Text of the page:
BY BOB KRASNER | The Beatles had their Magical Mystery Tour, The Who sang about the “Magic Bus” and the Merry Pranksters had Furthur, about which the Grateful Dead frequently sang, “The bus came by and I got on, that’s when it all began.”
And now the Abracadabra Field Trip — the brainchild of musician Laura Newman and former “gypsy” Tycho — has the Bluebyrd, a machine that aims for counterculture status as a literal and figurative way of navigating the journey of life.
A number of times each year you can see Newman fronting a band on top of the bus at their usual stops — and occasionally while in motion between destinations. Union Square and Washington Square, the Whitney Museum and Tompkins Square are the favorite spots, where the band plays a mix of ’60s standards and Newman originals from atop the bus while “dancetigators” hit the ground and get people moving. They are frequently joined by members of the Radical Matriarchy, a group that, among other concerns, hopes to desexualize women’s bodies by being topless in public.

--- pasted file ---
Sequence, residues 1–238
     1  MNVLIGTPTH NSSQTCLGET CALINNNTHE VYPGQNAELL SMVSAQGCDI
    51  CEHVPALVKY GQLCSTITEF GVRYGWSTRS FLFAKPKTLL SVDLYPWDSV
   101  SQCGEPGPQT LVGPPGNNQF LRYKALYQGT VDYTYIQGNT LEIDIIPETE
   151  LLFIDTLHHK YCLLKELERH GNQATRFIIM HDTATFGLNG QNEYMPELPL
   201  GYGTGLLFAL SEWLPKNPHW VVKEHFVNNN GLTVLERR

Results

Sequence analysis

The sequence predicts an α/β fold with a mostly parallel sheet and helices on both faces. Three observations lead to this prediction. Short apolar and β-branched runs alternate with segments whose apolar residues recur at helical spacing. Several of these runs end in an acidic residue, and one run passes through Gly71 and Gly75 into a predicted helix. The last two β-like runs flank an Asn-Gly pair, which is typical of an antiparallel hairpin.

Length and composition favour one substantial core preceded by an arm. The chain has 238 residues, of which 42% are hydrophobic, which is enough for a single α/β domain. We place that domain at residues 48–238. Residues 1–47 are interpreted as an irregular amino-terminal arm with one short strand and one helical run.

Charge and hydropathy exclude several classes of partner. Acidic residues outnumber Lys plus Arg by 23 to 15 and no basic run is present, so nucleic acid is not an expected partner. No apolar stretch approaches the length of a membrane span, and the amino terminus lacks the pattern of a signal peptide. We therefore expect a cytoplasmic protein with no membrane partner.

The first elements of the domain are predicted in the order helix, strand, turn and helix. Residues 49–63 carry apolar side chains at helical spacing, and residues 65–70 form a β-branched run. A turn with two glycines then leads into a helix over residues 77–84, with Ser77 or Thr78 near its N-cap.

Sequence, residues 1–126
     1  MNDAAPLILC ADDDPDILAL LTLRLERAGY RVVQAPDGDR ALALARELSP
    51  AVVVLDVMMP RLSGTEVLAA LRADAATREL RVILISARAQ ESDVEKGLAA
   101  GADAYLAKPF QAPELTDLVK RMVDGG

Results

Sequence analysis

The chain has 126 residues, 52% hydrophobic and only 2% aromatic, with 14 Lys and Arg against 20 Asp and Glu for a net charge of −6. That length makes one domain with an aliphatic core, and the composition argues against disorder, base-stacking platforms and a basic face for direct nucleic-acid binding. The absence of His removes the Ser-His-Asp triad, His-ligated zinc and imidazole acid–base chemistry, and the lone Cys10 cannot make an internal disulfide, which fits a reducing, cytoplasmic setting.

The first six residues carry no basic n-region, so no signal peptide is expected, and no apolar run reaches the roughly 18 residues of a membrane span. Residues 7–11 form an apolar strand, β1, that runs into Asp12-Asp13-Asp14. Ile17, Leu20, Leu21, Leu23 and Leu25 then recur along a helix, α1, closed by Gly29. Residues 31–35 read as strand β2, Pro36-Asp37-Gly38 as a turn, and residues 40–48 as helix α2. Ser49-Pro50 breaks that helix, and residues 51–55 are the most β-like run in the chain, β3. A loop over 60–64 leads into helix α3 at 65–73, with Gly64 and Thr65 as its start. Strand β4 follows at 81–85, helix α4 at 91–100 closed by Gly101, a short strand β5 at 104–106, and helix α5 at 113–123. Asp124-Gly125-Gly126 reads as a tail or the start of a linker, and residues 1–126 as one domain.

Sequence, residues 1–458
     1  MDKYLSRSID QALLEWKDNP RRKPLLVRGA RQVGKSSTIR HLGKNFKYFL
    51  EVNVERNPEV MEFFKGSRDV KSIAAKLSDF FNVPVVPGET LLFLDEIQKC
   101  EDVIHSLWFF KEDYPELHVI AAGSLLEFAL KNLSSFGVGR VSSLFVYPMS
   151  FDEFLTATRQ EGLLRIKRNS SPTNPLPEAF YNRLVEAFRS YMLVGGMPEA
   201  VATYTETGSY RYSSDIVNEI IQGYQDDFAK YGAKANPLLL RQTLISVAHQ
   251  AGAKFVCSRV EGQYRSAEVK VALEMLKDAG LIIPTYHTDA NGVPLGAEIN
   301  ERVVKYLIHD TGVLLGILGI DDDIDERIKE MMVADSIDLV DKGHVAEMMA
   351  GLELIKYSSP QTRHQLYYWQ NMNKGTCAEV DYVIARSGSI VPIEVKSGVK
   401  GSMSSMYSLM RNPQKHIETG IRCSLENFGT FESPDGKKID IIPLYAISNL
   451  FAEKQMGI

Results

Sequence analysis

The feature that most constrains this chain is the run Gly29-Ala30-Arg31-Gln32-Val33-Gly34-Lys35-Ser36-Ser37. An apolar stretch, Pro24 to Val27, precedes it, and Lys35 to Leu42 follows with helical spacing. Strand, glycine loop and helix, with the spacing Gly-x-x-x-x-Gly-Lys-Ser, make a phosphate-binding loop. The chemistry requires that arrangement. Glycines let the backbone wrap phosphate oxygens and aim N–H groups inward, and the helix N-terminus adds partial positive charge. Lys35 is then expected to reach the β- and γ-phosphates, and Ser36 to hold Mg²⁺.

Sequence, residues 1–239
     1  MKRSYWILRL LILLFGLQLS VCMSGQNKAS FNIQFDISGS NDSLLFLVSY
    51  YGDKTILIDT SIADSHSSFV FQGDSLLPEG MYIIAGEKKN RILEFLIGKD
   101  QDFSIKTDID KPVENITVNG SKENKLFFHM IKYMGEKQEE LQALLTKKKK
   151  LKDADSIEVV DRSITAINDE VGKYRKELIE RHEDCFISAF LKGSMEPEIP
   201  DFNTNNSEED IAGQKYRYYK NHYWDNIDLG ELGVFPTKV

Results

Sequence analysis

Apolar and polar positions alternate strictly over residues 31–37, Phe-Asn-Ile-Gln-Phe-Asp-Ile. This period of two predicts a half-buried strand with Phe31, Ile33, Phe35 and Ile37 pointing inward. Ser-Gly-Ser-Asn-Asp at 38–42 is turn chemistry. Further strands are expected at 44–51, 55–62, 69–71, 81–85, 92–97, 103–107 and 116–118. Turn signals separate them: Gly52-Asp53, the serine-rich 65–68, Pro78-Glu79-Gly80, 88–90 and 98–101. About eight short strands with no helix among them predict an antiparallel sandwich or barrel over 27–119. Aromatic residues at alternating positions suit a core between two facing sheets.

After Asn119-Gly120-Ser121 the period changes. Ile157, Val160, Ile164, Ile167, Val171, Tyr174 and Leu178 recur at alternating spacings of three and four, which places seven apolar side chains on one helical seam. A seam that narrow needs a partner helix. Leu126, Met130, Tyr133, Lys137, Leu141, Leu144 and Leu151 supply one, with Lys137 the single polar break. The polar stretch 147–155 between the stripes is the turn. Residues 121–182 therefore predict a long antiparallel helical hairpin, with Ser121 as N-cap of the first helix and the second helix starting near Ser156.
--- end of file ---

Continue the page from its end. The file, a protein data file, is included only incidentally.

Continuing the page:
Newman, who sang with performance-artist preacher Reverend Billy as the “Diva of the Stop Shopping Choir” for 16 years, wanted to create an experience that was, as she put it, “a portal into a peaceful world.”
“It’s not political — it’s about freedom of expression,” she explained. “We want to create something beautiful out of liberation and playfulness.”
Owned and operated by Tycho a.k.a. “The Bus Daddy,” the converted school bus has been to Burning Man 10 times and has an intriguing history.
“I bought it in 2008 on eBay,” he said. “It was a traveling reptile museum, with the largest king cobra in the U.S. It was well taken care of — nobody wants to break down with a bus full of cobras.”
With the stench of snake feces long gone, the bus is now full of friends, family, performers and the lucky paying customers who bought space on the bus through Airbnb Experiences. Nine year-old Annie got her money’s worth, sitting for glitter makeup (as did her dad) and putting on a costume while the bus was en route to a performance. Gail, from the U.K., thought the whole thing was “fabulous.”
Newman’s mom was onboard, as well, on a day the singer chose to wear an old silk robe of her mother’s, which frequently opened wide to reveal her solidarity with the Matriarchy.
“My husband and I are ‘old hippies,’ so we are probably less affected by the extraneous antics like the partial nudity,” said mom Diana Brady-Herndon. “When I see my only child standing on top of a converted school bus in Lower Manhattan, singing and playing with a great band, I can only feel joy, pride, happiness and a sense of accomplishment for what Laura and the band have created.”
As for Newman, it’s easy for her to sum up the day.
“It’s always a beautiful scene,” she said.
The next trip will be on Sat., June 8.